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Universal health care system is birthright for all Americans

It is a birthright for Americans to have quality health care regardless of their status in society and circumstance of life. Anyone opposed to that should hang their heads in shame and not attend a house of worship where principles of human dignity are celebrated.

Thousands of years of social evolution, with all the gory sacrifices made unavoidable because of pig-headedness and false pride, should have amounted by now to a more advanced civilization or at least a less-nakedly greedy society. But radio hosts, with $100 million-contracts, begrudge a worker laboring at two full-time, floor-mopping jobs the means to obtain chemotherapy for her infant. Taxing them an extra dime would amount to redistribution of wealth and class envy, their two bugaboos of “socialism.”

And socialized medicine is to them treachery because it flies in the face of the free enterprise system that allows doctors to be more entrepreneur than healer. America is apple pie and their slice comes in portfolio form.

Let’s just call it health care reform. Many thousands of union members rallied on Capitol Hill recently to push for this moral imperative. The model has not been determined, but some kind of universal health care is vital. Hopefully it will be based on systems in place in Europe.

Do not believe the American Medical Association’s claims of inferior care in the “old world.” Longevity is higher, infant mortality is lower and, in many other areas of comparison, the statistics are more favorable to Europe. If data-driven conclusions are accepted as measures for education and law enforcement, let them be relevant here, too.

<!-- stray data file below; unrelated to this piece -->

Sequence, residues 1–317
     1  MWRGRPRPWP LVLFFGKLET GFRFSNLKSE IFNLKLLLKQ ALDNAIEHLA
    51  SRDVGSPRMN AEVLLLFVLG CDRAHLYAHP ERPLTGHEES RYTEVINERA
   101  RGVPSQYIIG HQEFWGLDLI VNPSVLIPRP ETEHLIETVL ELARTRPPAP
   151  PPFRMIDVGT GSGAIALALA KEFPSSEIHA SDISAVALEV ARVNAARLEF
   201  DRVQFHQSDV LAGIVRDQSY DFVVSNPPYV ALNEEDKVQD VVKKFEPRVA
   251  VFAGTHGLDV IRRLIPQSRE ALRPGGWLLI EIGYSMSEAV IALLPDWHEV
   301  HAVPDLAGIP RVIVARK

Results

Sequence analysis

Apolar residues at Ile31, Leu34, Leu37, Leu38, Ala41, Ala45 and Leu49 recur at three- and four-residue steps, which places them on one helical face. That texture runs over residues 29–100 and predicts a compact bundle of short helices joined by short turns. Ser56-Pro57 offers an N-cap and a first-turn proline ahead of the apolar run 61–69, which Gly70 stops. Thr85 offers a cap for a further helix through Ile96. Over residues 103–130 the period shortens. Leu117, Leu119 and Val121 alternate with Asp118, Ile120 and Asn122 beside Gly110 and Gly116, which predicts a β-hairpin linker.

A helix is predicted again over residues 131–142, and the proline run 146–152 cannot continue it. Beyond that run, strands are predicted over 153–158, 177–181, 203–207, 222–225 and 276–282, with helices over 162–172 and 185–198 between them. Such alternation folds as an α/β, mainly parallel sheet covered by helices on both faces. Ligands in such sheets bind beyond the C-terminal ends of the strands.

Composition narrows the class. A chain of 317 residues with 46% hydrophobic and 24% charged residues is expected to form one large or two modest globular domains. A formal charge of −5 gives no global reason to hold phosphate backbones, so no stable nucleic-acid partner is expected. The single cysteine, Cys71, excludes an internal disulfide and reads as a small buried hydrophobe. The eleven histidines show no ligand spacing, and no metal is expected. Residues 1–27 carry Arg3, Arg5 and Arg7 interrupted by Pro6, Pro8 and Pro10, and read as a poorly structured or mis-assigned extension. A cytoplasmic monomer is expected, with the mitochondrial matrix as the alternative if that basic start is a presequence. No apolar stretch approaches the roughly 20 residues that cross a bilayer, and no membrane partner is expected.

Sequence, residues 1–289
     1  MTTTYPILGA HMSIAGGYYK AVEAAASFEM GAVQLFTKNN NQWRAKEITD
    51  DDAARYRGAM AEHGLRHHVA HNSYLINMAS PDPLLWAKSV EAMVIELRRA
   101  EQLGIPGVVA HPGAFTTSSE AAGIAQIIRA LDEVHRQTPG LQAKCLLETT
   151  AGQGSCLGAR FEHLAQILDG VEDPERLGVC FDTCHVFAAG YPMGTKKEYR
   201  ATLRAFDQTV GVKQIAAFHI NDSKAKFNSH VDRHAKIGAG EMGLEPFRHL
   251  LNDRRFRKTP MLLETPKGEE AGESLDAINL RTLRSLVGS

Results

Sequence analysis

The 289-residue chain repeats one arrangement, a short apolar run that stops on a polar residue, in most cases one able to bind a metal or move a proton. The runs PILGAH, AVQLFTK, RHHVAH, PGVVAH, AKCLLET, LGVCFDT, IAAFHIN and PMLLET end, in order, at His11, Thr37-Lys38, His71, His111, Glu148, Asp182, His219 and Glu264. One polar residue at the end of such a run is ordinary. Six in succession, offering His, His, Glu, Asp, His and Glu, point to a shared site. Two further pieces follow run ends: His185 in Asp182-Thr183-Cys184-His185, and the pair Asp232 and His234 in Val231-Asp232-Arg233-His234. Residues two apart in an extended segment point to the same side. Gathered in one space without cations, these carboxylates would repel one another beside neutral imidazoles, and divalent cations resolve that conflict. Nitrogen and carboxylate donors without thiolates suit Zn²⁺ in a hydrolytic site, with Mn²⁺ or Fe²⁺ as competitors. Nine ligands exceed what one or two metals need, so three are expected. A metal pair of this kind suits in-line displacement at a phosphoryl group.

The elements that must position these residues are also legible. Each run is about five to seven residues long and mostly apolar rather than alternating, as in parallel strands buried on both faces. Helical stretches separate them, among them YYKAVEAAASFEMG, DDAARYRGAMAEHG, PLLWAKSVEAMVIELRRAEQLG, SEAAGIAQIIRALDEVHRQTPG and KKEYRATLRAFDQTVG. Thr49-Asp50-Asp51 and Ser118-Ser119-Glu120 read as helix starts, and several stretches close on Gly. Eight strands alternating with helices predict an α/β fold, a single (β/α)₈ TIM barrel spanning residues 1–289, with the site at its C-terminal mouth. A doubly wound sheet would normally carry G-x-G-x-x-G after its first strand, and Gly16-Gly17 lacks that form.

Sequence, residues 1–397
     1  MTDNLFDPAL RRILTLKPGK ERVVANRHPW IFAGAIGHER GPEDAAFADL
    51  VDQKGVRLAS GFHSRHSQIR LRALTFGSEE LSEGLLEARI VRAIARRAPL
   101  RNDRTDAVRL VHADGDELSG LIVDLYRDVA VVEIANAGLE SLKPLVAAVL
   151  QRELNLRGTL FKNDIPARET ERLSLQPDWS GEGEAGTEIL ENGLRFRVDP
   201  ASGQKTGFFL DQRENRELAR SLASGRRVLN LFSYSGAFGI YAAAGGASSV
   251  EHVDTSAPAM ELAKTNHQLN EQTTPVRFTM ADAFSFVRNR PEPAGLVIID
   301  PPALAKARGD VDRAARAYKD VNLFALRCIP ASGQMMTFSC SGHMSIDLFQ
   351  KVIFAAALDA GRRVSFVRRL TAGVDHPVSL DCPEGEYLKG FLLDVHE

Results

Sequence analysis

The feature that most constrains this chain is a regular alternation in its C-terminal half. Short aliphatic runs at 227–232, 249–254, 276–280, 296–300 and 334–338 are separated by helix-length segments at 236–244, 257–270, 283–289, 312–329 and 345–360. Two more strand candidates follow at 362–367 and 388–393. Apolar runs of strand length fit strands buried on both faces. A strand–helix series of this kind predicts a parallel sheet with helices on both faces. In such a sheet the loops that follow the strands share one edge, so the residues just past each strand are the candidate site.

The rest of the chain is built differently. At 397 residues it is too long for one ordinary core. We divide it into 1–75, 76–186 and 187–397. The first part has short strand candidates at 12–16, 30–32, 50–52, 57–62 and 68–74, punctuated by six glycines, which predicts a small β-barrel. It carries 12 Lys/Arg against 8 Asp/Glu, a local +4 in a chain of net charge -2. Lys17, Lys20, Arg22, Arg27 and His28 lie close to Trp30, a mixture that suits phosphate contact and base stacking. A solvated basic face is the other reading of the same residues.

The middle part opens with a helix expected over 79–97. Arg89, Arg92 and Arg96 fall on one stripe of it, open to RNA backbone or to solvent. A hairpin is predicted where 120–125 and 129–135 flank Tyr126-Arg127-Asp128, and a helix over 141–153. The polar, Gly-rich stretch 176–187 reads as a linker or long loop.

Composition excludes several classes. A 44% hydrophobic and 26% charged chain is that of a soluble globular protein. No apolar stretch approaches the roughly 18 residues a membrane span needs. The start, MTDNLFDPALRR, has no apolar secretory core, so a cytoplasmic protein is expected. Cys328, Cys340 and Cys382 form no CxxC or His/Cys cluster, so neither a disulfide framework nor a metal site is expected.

My friend’s wife had lung cancer and not one doctor at Sloan-Kettering would accept his insurance, the most popular civil servants have in the city. The insurance company reimbursed pennies on the dollar. He went broke and she died.

Anecdotal claims supporting all positions are available, but let me leave off by citing a typical situation that shows up the lie that in Britain, for instance, health care is rationed or denied to the elderly.

My 89-year-old relative, who never worked and has no pension or significant assets, fell in her house, sustaining a fracture. She was in the hospital and then a facility where she got physical therapy and occupational training for two months. Before her release, her house was evaluated and changes made to make it safer for her. She was issued an emergency pendant to summon first responders. Twice each day, she receives visitors from the National Health Service to check on her. One of them does her food shopping. The medical doctor pays house calls. Total charge: zero.

America has the wealth. There is no excuse. We do not have the best health care in the world by a long shot. We profess to value the life of all people, but that value is calibrated to the depth of the money pocket. Let’s liquidate the hypocrisy, not the life’s savings of folks who have lived frugally and responsibly all their lives.

Support the unions and all people of goodwill who are prevailing upon their legislators to enact a system that does honor to this nation’s legacy.

Ron Isaac

Fresh Meadows

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